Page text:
Rural communities frequently lack access to veterinary care, for both companion animals and livestock. This unmet need poses a threat to animal health and wellness, as well as ranch and rural community viability. The demand for veterinarians in rural communities is strong; however, fewer veterinarians opt to start a career in rural areas. Concerns about reduced economic opportunities and social experiences in less populated areas contribute to veterinarians’ and their families’ hesitation to locate in rural communities. Distance, lack of accessibility, and concerns about both economic viability of rural practices and hours on-call also have an impact.
The use of telehealth in both animal and human health has been on the rise since the start of the COVID-19 pandemic, allowing many practices to expand and providing access to more clientele. Keeping up with the advancements of digital information is crucial for telehealth in rural areas and requires viable broadband internet services. Rural areas continue to lag urban areas in both broadband availability and adoption, but ongoing public and private efforts continue to build rural broadband capabilities.
The need for veterinarians located in rural areas will remain. However, telemedicine may provide opportunities both for rural vets and for the ranchers and rural residents who need their services. For example, telemedicine may provide access to specialists in more populated areas. Ranchers may also be able to communicate with their vet virtually (after they have an established relationship), saving travel time.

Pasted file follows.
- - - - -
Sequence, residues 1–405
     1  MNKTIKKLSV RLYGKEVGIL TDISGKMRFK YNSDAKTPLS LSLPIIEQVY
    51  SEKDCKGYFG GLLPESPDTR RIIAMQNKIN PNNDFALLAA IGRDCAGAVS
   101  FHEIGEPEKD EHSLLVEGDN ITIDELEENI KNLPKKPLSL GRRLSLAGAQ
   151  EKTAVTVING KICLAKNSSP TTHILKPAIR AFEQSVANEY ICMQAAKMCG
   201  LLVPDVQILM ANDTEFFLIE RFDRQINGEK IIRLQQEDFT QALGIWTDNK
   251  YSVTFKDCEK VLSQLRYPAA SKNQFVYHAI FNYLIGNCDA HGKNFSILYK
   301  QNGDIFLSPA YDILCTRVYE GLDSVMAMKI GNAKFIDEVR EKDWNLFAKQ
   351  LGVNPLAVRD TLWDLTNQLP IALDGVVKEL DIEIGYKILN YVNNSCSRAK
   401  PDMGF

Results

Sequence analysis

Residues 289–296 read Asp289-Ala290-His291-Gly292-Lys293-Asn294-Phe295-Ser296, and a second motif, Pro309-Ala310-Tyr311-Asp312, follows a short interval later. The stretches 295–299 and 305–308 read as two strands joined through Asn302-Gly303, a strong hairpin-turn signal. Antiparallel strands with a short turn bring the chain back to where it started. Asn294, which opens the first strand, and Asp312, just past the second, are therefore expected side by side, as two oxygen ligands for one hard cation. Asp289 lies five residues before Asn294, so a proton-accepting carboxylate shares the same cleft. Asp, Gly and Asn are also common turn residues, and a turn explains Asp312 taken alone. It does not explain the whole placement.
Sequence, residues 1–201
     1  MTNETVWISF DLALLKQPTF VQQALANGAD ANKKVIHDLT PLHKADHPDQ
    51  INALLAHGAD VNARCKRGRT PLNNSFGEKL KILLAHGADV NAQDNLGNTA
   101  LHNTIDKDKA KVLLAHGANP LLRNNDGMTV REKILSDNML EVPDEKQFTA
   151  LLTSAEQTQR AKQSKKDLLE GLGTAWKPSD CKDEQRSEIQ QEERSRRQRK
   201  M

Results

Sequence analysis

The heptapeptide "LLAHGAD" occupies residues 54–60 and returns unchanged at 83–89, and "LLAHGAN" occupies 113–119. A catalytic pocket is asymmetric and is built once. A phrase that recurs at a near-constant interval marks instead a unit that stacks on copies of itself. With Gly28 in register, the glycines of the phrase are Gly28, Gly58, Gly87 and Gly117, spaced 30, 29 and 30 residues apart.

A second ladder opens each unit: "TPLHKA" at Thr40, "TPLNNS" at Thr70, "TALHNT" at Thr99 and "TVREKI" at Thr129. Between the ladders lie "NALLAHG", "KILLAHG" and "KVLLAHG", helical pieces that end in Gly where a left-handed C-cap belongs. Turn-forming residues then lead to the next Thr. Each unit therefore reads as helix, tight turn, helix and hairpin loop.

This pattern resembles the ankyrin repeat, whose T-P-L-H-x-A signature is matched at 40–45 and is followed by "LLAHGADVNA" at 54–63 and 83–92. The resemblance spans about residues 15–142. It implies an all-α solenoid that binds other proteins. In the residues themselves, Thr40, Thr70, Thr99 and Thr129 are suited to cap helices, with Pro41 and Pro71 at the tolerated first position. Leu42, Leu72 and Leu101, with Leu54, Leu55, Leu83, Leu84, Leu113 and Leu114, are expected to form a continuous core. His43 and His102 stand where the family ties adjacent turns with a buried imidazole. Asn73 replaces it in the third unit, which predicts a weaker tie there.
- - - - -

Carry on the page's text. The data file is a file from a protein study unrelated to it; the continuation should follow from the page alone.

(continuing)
In recent work, stronger ranch-veterinary relationships supported higher net revenues of $128.25 per cow plus an additional $24/cow increase in profit from reduced death loss of yearlings. Across 5,000 head, higher ranch incomes created an estimated $338,700 in output, including $79,500 in additional labor income, and 2.4 jobs in the county economy.
Gains net revenue were estimated after accounting for higher veterinary, feed, supplement, and other costs. In one rural Texas county (population under 15,000), an estimated $60,000 in additional veterinary expenditures resulted in $72,600 output and an additional job in the county. The largest dollar (output) impacts accrued to a wide range of businesses beyond veterinary services, including real estate, banking, restaurants, electric utilities, and general merchandise retail. Equally important, the presence of a veterinarian may help recruit and retain other economic activities.
King, Kallie, and Rebekka Duddensing. “The Importance of Veterinarians in Rural Communities“. Southern Ag Today 2(40.5). September 30, 2022. Permalink